Sporadic Happiness (in Japan!)

(formerly) updated every Wednesday

#24 Mad Men

Chances are you’ve heard of this show.

It’s been around for a while. Currently they’re in the middle of their 5th season.

I started watching this show back in the US, and thought it was amazing. I had stopped somewhere in the 3rd season but didn’t remember where, so when I got back into it in Japan I watched beginning Season 3, episode 1.

One of the shows strengths is that it has so much going on. All of the characters are so complex and interesting, and there’s a lot of main characters that they rotate through. Of course, Don Draper tends to get central focus.

I convinced my boyfriend to watch Mad Men too and he obviously began at Season 1, episode 1. I often feel like I can never get too much Mad Men, so I’ve been re-watching some episodes with him. There are so many little details and little happenings I had forgotten which made everything feel fresh and new even on the second time through. And of course it’s interesting to have knowledge of what will come and see how that relates to how characters were before. This is definitely a show with rewatchability.

My one recommendation is to watch the show with someone, whether sitting together and watching it, or watching it separately (though keeping up with each other), because it can be nice to have someone to talk about it with. I often want to talk to my boyfriend about certain happenings or character developments, but alas he’s still on season 3 and I’m on season 5, and anyone who has kept up with show knows that a LOT has changed between then.

The show is a drama, so it often tugs at your heartstrings and plays with your emotions. It’s definitely more of a deep, thinking show than entertainment, though for me being in Japan, watching anything in American English is relaxing and entertaining.

I highly recommend this drama to anyone who likes dramas or period pieces (it takes place in the early 1960s). The clothes, houses, buildings, and characters’ attitudes are definitely dated, and the show tends to tie in real historical events that are happening at the time too, which makes for a very compelling world.

I heard that it has been renewed for a 6th season, and that there will likely be a 7th season as well, which would be the last.

Check it out!

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#13 ASL (Alphabet) – Switched at Birth

Living in Japan I often like to spend my evenings watching American TV shows.  It gives me that feeling of “home” and is the best way to relax after a long day of constantly hearing and interacting in Japanese.

A TV show I’ve gotten interested in and have been watching recently is called Switched at Birth.

Switched at Birth: Volume One

Now this concept is nothing new.  In fact I had started watching a Korean Drama long ago with the same concept.  Actually in trying to research just now what the name of that drama is (I forgot), I found there are MANY Korean dramas with this concept.  And probably many shows worldwide – it’s a common “TV trope.”

Usually this trope has one kid coming from a rich background, and one from a poor background, and at some point the kids (or the families) find out the two kids in question (often girls) had been switched at the hospital when they were born, and ended up being raised in a different family.  Of course once they find out about this “mistake,” the kids (usually teenagers or young adults) want to get to know their biological parents, as well as try to figure out what life would have been like if they’d been raised by their biological parents.  This often brings up questions of opportunity (wealth and many opportunities vs. not having access to as much) as well as other culture and identity issues.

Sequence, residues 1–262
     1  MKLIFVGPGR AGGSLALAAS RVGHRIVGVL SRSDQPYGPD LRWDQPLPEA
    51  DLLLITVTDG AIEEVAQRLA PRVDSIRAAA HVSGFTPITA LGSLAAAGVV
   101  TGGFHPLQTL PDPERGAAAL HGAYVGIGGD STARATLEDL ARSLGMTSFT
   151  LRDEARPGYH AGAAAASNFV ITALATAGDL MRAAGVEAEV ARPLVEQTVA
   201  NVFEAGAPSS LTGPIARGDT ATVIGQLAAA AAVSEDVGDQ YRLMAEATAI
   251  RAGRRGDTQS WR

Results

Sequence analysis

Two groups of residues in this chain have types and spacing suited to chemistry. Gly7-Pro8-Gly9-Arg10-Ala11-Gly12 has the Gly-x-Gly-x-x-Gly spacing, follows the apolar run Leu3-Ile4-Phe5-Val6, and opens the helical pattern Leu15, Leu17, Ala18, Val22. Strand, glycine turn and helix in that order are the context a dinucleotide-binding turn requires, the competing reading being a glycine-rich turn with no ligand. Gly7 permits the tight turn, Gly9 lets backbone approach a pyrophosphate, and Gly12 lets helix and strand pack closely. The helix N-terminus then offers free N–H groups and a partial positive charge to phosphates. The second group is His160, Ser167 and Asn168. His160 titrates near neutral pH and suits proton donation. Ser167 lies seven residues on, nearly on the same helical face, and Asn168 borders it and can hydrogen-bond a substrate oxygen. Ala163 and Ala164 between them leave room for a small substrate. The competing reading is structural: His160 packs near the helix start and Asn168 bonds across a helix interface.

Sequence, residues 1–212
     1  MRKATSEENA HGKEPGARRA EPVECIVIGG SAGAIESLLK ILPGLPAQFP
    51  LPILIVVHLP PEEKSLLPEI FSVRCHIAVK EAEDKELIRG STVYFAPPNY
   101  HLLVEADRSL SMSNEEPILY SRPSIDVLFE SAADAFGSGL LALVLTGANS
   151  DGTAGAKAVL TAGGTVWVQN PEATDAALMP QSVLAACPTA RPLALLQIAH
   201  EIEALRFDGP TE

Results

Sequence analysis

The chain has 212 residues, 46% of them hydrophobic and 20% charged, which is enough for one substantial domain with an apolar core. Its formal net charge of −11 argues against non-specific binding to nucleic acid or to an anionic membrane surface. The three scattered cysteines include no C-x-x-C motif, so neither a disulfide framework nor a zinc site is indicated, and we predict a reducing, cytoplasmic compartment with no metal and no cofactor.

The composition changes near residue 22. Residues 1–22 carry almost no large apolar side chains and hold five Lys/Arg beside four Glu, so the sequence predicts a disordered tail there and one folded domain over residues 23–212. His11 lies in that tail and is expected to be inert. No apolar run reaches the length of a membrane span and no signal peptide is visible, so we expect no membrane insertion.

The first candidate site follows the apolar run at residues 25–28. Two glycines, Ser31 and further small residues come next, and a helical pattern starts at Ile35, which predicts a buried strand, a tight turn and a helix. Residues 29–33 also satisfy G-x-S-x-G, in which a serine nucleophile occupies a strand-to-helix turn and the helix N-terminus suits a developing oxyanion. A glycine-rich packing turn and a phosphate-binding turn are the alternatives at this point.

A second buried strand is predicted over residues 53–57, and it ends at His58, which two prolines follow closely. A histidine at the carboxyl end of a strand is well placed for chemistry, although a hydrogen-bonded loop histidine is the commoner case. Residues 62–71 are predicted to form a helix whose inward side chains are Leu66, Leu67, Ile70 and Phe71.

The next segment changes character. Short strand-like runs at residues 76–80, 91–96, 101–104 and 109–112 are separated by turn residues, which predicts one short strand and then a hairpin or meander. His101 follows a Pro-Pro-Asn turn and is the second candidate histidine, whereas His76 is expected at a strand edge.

Now the TV show I’ve been watching has these aspects, but it also has another interesting twist.  One of the girls (in her switched family) contracted meningitis at the age of 3 and nearly went deaf.  She has minor hearing, but she relies on reading lips and sign language.

As a lover of languages in general, watching this show is making me more interested in ASL (American Sign Language).  Although the one hard of hearing girl can talk, there are other completely deaf characters on the show who can’t or don’t want to speak and use sign language pretty exclusively.  Of course there are English subtitles to follow what they are saying.

In any case, I’ve found it interesting enough to try and pick up a little bit myself, and my first baby step has been to learn the ASL alphabet.

Here’s a neat video with a song that, for me anyway, is pleasant enough to listen a few times through that teaches the hand signs for each letter at a slow enough speed:

Once I master the alphabet I intend to try and learn more signs; in our internet day and age there seem to be plenty of sites out there.  If anyone has any recommendations though, don’t hesitate to let me know!

Besides the signing aspect and slice of life tidbits in terms of deaf culture, the Switched at Birth show has another thing going for it.

It’s full of beautiful people!  Maybe this sounds vain, but c’mon, who DOESN’T like vicariously watching the lives of gorgeous people?

Plus there’s multicultural aspects to the show, such as one of the moms being Hispanic and one of the biological dads being some Italian/French guy who is pretty adorable:

He also reminds me of a friend back home (Mita-kun that’s you!).

Also side note, I recently found out that Portland Community College (PCC) has ASL classes!  As I will be moving to Portland in September I think I want to try one out. I’m excited for that.

But in the mean time, there is still Japan to explore, and many wonderful internet goodies to enjoy!

Check out this TV show if you get a chance.

A DVD (Volume 1) has now been released. I highly recommend it!
Switched at Birth: Volume One

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